I went to the Lone Soldier Center in Tel Aviv three times and met a number of Lone Soldiers and staff members of the LSC.  On one day I found many exuberant young people  donating blood. The organization is fervent in its outlook encouraging members to take care of fellow Lone Soldiers and needy members of the community. Stretching it here but their enthusiasm, outlook, and dedication is perhaps akin to early day kibbutzim.
Earlier I mentioned frequenting a neighborhood bar. I met many people there-few tourists and mostly residents of Tel Aviv. Before beginning my journey to Israel, I had attempted to start learning Hebrew but abandoned that effort early on-memorization is not my forte. As some of you know, virtually all Israeli citizens speak English, which made communication seamless. When I introduced myself and told them my purpose for being in Israel, I was welcomed with open arms. The Israelis and I also had an extremely close bond-nearly all of us were veterans. Israel practices universal service. All young people, except some Orthodox Jews, have to serve in the IDF-males for three years and females for two years. Therefore, whomever I met was invariably a veteran. When they found out I was one, many doors, so to speak, were immediately opened. You have to be a veteran to understand that affinity.
A friend suggested I visit the Jerusalem Holocaust Musem. Jerusalem is approximately an hour and half from Tel Aviv. I did so. Mammoth crowds prevented me from studying the displays in the main museum. Adjacent to it was another spectacular edifice housing the Children’s Memorial. The money to build most of the Children’s Memorial came from a Beverly Hills family who were interned at Auschwitz. They lost their son while there in 1944. He was two and a half years old.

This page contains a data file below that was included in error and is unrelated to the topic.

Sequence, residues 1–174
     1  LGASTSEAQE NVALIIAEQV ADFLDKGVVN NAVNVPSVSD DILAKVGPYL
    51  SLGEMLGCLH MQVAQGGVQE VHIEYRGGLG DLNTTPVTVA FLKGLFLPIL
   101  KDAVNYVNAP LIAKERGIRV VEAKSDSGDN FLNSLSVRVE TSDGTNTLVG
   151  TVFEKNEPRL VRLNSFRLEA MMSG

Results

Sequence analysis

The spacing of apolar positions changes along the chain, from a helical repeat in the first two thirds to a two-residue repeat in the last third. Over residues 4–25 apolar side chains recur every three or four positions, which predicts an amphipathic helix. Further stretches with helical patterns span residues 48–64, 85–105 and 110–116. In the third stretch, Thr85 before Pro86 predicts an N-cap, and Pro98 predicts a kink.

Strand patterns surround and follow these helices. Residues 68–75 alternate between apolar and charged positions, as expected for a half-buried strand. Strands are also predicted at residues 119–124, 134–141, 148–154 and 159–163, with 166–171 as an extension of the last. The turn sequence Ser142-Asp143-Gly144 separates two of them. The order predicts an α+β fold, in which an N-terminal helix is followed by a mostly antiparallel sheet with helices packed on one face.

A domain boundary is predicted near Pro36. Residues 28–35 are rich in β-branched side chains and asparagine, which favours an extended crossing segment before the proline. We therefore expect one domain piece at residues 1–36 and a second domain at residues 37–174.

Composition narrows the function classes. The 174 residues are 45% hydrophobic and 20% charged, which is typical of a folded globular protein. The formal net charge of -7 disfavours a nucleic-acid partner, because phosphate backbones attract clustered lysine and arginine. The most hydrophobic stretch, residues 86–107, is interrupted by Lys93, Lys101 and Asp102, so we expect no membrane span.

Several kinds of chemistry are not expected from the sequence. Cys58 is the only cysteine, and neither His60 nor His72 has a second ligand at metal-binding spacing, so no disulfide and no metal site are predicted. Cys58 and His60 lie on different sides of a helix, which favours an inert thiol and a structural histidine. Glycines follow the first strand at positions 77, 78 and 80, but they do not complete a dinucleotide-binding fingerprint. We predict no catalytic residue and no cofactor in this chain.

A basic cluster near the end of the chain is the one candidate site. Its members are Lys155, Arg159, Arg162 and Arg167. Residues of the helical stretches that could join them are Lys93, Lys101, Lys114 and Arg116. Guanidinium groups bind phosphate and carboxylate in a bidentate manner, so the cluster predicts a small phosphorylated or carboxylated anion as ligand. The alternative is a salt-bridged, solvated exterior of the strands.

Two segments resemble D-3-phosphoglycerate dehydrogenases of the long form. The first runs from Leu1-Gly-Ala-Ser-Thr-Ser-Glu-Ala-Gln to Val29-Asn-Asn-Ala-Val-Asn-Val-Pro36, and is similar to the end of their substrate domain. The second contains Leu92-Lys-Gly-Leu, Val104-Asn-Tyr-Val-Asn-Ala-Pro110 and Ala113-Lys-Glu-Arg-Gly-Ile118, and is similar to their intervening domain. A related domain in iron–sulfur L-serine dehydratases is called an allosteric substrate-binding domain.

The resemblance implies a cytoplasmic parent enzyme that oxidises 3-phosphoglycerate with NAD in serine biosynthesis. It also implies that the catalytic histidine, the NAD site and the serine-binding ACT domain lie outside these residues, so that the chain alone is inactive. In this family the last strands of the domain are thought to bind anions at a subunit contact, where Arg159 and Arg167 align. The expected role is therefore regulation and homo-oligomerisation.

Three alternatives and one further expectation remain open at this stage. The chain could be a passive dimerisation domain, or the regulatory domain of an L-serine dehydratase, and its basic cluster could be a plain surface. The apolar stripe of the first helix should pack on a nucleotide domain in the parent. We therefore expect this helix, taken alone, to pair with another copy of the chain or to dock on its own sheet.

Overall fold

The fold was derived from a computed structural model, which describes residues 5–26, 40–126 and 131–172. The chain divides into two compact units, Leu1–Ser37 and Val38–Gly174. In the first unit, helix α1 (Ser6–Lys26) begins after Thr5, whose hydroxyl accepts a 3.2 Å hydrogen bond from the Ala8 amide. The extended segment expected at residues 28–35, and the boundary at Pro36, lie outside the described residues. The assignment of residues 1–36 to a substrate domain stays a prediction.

I toured the Children’s Memorial by myself and found the inside totally dark with the exception of thousands of tiny lights and candles embedded in a round ceiling and the floor. Hanging from the top were large posters, maybe 6’ by 4’ of children’s faces-perhaps 10 or so in number. They were being softly and gently moved by a fan system. And over a loud sound system you heard a person reading names. It went like this: Veronika Belcor, age 6, Warsaw, Poland, Dachau…Jonathan Weinberg, age 4, Dusselberg, Germany, Buchenwald…and so on and on. The memorial’s intention was to have you viewing and seeing these photos as in the heavens above and beyond. Riveting. Do you know how many children, roughly 14 and under, who were killed in the Holocaust? 1,500,000. Yes, one and a half million children.
 Forming up and standing in Israel supporting the IDF
On Sunday of my second week in Israel I went to meet other Sar El volunteers at Tel Aviv’s Ben Gurion Airport. There were approximately 125 volunteers from all over the world in a corner of the airport. These people would be assigned to go to different IDF bases throughout Israel. You can sign up for one, two, or three-week programs. This being my first venture, I decided to do but a one-week stint. Speaking to others as we mingled, I found that many volunteers were true veterans of the program. One gentleman from France was on his twelfth assignment!